I love writing knights because they had such a fascinatingly simple way of looking at the world.
I love writing knights because they had such a unapologetically simple way of looking at the world (first blog entry in this series here).
The knightly world view was internally consistent, but must have been infuriating to anybody with a logical turn of mind. In Swords Versus Tanks, I had fun imagining just such a conversation:
Ranulph swept his arm around the cell to indicate the corpses. “God has just shown you His will.”
“Knights!” The red-haired girl gestured at the carnage. “You think that was a trial by combat.” Her eyes narrowed. “You wear a somewhat soiled arming jacket, so it was defeat in battle which brought you to this dungeon. Was that also God’s will, Sir Ranulph?”
“I suppose that God wanted me here to save you,” said Ranulph, with a vague, familiar, feeling that he was going to regret arguing with her.
Swords Versus Tanks 1: Steel Tide (forthcoming)
In fact — if Kaeuper’s Chivalry and Violence is to be believed — real knights tended to take things further with an utterly glorious piece of reasoning:
Knight: “God granted me victory, therefore I am more pious than the dead guy.”
Priest: “But you still need to do penance!”
Knight: “Penance, Sir Priest? Pah! Wearing armor in the field is mortification enough.”
Partly this was lazy thinking at work.
Read More »
I’ve always been intrigued by the appearance of the supernatural in historical fiction. When a modern writer sets a novel in the historical past, and uses elements of the supernatural, or magic, or some such item, it’s fantasy, right? Or, is it magic realism? Or is it magic realism only if the story is set in modern day South America, preferably written by a modern day South American?
Just what is magic realism, anyway? Is it more than magical thinking on the part of characters? Or a way for non-genre critics to talk about supernatural elements in books they don’t like to think contain supernatural elements?
Are Ellis Peters’ Brother Cadfael novels examples of magic realism? Or plain old fantasy, for that matter? Cadfael prays to the Welsh Saint Winifred, and she responds. Miracles happen. The authorities, in this case the Abbot of Shrewsbury, might check for fraud (was the lame boy truly lame to start with?) but no one doubts the possibility of the miraculous, and no one searches for another explanation. On the other hand, no one suggests that this is a series of crossover books. Why not?
It’s one thing for modern writers to write of historical times and include the belief systems of the people of those times. Maybe that isn’t, strictly speaking, fantasy. But what about contemporary writers, by which I mean the people writing in those times? What about that kind of “historical” fiction?
Read More »
If a book vaults from mere printed text to a work of serious literature by virtue of posing a question, and then exploring it through the course of the story, then Octavia Butler’s The Parable Of the Talents fits the bill very neatly indeed.
Its primary question seems to be discovering meaning in what is for Butler a necessarily godless world, but it takes on secondary questions galore. Among these: what is the difference, if any, between a religion and a cult? How fine is the line between healthy determination and destructive obsession? And just how often do we reject others simply on the grounds that they challenge those (shaky) convictions on which we’ve built our lives? In other words, we blame and hold accountable people who represent our own failings.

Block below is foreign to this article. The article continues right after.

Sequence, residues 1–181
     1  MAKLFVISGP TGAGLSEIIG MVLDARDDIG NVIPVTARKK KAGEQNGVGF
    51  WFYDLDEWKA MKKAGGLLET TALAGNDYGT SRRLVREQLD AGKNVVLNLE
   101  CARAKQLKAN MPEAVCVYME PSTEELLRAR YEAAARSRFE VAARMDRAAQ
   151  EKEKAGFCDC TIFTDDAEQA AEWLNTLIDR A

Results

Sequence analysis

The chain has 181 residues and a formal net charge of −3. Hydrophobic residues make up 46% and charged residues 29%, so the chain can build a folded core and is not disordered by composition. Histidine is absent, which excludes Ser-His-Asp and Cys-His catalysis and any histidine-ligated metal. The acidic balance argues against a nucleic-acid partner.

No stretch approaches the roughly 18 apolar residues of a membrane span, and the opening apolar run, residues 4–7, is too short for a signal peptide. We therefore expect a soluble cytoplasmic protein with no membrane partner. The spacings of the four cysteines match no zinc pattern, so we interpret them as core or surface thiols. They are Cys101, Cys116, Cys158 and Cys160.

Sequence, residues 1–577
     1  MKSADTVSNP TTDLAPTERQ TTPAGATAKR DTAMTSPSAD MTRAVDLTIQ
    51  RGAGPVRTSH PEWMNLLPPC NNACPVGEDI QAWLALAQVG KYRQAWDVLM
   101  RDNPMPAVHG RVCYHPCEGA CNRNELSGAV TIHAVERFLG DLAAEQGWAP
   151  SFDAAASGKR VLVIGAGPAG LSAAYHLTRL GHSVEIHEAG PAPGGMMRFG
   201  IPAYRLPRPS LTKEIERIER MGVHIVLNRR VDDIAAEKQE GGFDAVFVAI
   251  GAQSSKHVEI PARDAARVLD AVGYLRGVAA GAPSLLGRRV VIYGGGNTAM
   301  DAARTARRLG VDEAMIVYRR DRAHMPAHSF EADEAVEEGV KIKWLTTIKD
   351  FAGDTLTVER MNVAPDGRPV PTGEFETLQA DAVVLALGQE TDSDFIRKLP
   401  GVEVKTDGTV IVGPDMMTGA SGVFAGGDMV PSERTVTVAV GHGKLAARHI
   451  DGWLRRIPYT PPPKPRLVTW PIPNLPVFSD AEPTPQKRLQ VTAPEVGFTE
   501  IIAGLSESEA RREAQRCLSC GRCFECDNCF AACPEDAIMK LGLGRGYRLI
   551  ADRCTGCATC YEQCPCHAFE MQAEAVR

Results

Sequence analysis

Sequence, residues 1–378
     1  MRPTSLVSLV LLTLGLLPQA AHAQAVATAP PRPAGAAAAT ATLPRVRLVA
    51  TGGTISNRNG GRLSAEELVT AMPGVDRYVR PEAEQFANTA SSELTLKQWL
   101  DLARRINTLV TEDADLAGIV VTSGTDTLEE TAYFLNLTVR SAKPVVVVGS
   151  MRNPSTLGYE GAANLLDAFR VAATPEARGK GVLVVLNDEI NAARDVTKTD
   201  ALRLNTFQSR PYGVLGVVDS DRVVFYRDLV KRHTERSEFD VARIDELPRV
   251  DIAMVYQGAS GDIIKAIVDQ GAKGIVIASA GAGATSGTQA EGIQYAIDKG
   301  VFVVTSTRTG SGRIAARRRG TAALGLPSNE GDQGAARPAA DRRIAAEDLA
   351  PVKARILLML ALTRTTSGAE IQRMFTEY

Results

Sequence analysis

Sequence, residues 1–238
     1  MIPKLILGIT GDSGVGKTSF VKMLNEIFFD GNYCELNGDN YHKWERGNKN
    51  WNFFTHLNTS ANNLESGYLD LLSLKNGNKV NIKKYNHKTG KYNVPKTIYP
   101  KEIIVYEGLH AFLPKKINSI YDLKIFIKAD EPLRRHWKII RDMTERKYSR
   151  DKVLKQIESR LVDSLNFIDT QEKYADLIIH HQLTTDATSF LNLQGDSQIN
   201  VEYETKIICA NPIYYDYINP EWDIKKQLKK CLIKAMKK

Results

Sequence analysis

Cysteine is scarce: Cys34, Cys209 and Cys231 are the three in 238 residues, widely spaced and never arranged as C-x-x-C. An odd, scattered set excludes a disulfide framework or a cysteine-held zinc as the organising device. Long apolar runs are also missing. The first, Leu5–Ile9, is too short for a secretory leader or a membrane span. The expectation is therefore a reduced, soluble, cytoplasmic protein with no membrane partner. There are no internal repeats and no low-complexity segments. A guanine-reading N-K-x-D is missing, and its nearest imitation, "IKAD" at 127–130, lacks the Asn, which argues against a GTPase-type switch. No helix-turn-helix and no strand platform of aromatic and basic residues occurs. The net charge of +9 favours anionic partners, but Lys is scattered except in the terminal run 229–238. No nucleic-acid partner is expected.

Butler has a field day with all of these and more in charting the life of Lauren Oya Olamina, founder of Earthseed, a cult that locates God in change — the concept of change — and sets its sights on the stars when life on earth (or at least in the Disunited States of the 2030s) is nothing but chaos.
Formally, Butler’s Parable Of the Talents (the sequel to Parable Of the Sower) is epistolary work. The story is related through select journal entries, mostly Olamina’s, with other voices interspersed. These include her husband, her lost daughter, and her estranged younger brother.
First published in 1998, Parable Of the Talents won the Nebula Award in 1999. Like a good many other Nebula winners (such as The Speed Of Dark, which I wrote about here recently), this is not hard science. If you’re looking for the nuts and bolts engineering or chemistry found in Kim Stanley Robinson or Andy Weir, look elsewhere. Butler’s near-future tale focuses on social disintegration, and its rebirth via the benign (?) cult of Earthseed.
Read More »
Photo by Chris Whitlow
About every other week, I’ll be hosting the wit and wisdom of professionals across the Spec Fic field. I’ve compiled a list of some of the most frequently asked questions posed by new authors, and provided that list to some of the pros. (Feel free to suggest a question you’d like answered, using the comments section below.) The pros are invited to pick one and respond to it. This week, the prolific, award-nominated author Karen E. Taylor talks about how she delays the outlining process until she’s well into the piece.
It’s hard to classify Karen’s body of work (though when forced to, most will say she’s a horror and paranormal author). She writes about vampires, intergalactic saleswomen, telepathic dinosaurs, humanoid robots, ghosts, drafty castles, and assorted magic workers. She has at least eight published novels, and two short story collections: Mexican Moon and Other Stories, new out this week (available in trade paperback and Kindle ebook), and Fangs and Angel Wings (a 2003 hardcover from Betancourt & Co.), which received one of the best author blurbs I’ve ever seen:
“Karen writes like an angel – an angel in black lingerie with a straight razor tucked into her garter belt.” – William Sanders
Read More »
As mentioned last time, serializing has its challenges and potential successes, JUST LIKE ANY WORTHWHILE BATTLE!
Plus: Strike a Pose.
Different Attack Plans:
- POWER RANGERS MORPHING TIME: You can serialize a novel in several chunks, which can then be put together into one giant destructo-omnibus, like I did with Nigh.
- D&D MIGHTY PARTY: You can serialize a universe in several stand-alone projects that are all linked to one another.
- FRANKENSTEINING: You can also serialize a book one chapter at a time, with or without a subscription service or a social media platform such as Wattpad.
My first serialization was done à la Frankenstein with an existing book, Destiny’s Blood, on Wattpad. There are two other books in the series, so the hope was that readers would either get impatient and buy Destiny’s Blood before I was done posting it, or they’d at least buy the other two novels. Linda Poitevin, author of the Grigori Legacy series, had lots of success on Wattpad. Check out her details on the subject.